Sunday, February 10, 2013

Trial & Error

Though I was, for the time being, content to play games on it with the panels attached via some C-clamps under hanging over the edge of the host table, I had come to a standstill on my portable game table. With the four sections complete, the project awaits assembly so that it can finally have a unified playing surface.

Then I ran into the fact that I am not nearly as good a carpenter as I had hoped.

As it turns out, trying to get good flush surfaces using hinges is much more difficult than it seems. My goal had been to hinge the four panels so that they both lay flat on top of another table so they wouldn't scratch it and create a flush, continuous gaming surface.

I knew that by building out of folding panels that I would have to have a seam, but it was my goal to minimize the crack where the sections met. I had attempted using a recessed hinge, but I had difficulty getting the depth correct, and the hinges were unable to move, as the wood of the frame would lock up.

Trying again, I decided to sacrifice the flush gaming surface for a game table that would lay flat on the bottom. So giving up on the recessed hinging, I put the hinges on the outside of the panels. This did not go as expected. Instead of getting the flat bottom at the cost of the flat top, I got neither. The table had a gap on the surface and the barrel of the hinge sticking out underneath.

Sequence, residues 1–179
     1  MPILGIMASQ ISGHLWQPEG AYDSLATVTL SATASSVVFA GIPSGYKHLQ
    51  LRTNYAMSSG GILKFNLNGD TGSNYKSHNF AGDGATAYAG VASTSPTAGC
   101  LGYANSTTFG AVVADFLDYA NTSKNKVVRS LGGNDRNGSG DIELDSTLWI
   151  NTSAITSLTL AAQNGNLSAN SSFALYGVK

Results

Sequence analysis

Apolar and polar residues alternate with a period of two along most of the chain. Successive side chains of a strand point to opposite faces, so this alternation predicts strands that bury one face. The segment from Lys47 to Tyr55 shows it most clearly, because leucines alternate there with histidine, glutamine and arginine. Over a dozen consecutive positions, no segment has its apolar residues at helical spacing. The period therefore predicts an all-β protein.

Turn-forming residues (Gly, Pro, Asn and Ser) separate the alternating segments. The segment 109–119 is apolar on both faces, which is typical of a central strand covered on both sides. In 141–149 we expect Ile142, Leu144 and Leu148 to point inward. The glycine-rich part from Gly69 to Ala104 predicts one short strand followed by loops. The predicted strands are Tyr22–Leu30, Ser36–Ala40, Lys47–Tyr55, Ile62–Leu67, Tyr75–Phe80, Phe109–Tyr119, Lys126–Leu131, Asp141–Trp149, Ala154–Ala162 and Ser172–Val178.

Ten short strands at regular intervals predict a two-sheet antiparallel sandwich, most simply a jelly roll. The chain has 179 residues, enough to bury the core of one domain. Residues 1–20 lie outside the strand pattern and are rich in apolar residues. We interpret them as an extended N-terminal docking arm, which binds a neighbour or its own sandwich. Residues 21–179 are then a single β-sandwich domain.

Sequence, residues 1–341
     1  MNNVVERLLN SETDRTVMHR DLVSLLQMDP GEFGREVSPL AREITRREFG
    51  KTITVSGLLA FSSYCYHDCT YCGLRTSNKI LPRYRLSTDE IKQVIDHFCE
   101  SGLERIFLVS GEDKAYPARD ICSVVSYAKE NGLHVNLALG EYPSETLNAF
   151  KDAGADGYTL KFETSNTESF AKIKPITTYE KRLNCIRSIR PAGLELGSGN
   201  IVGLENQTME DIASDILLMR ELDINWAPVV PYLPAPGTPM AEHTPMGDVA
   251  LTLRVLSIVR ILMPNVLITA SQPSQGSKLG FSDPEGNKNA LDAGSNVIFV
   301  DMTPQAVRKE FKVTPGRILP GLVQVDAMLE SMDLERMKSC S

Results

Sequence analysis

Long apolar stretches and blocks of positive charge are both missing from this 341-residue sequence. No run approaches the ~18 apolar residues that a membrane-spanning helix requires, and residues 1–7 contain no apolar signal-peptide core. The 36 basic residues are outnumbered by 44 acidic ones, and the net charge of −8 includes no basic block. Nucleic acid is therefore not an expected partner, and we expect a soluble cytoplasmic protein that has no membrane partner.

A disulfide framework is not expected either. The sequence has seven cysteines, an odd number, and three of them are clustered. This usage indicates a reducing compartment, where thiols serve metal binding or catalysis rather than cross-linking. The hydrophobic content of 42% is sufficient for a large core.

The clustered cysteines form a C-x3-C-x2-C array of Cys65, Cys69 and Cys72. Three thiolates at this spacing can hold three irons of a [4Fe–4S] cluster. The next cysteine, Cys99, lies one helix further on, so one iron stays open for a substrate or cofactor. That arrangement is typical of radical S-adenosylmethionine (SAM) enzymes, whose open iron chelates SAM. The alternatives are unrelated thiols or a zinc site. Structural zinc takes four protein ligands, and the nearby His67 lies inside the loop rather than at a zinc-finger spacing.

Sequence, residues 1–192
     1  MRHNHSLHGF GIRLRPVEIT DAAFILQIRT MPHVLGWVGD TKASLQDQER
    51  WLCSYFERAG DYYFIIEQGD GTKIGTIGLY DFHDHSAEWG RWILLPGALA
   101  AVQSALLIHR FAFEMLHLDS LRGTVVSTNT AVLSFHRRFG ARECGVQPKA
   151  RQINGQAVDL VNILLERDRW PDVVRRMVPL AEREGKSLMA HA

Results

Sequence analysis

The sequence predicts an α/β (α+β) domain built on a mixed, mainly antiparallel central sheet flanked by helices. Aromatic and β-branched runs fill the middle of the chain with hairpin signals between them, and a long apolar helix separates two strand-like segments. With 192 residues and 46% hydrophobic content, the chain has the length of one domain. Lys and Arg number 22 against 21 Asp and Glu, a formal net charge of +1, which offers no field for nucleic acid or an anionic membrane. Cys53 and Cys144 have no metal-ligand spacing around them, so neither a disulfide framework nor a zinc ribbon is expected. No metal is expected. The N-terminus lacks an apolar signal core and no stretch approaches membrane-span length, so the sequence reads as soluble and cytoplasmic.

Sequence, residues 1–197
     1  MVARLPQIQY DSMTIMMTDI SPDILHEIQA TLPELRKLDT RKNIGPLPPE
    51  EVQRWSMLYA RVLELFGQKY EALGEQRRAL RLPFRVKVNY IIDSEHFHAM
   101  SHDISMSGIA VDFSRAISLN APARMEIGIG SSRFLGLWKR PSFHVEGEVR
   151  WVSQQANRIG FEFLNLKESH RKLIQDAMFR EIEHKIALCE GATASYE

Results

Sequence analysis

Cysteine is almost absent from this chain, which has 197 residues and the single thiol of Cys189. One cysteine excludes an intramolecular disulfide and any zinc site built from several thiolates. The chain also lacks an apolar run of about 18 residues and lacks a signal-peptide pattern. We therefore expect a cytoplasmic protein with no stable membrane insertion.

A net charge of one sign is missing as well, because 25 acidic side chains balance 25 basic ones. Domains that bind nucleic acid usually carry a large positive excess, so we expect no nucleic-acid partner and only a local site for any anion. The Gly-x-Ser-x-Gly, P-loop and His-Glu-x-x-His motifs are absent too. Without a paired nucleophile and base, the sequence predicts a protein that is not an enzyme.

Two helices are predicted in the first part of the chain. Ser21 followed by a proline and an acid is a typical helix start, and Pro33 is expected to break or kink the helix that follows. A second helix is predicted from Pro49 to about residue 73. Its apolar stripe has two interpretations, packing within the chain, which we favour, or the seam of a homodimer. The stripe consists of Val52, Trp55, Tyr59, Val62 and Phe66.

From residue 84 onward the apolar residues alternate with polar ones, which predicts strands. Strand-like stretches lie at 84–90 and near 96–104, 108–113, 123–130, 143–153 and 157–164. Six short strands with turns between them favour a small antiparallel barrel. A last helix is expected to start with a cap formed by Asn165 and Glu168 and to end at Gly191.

Attached with neither a flat surface or a level bottom.

Now knowing that I could not avoid having the hinge stick out at the bottom, I redid the hinging one last time.

Now the seams in the game surface are very reduced (less than .0626") but the bottom does stick out.

In my interim solution using C clamps, I have been using an old blanket to protect the kitchen table underneath my game surface. I can simply continue to use this "saddle blanket" technique while I work out he best way to level the game board and protect the kitchen table! So far I am thinking of using felt furniture pads, but first I will need to decide on whether or not the two halves will be permanently attached to each other, since I will once again have to deal with imprefect hinging.

1 comment:

Thomas said...

Would a hinge like this work?

I think that if you chiseled into your wood a bit such that the hinge is flat and upside-down from the Amazon picture when the table is open, it won't scratch the surface below it and will still allow you to close the table.

There are probably cheaper versions of this type of hinge, too. This was just the first google result I saw.

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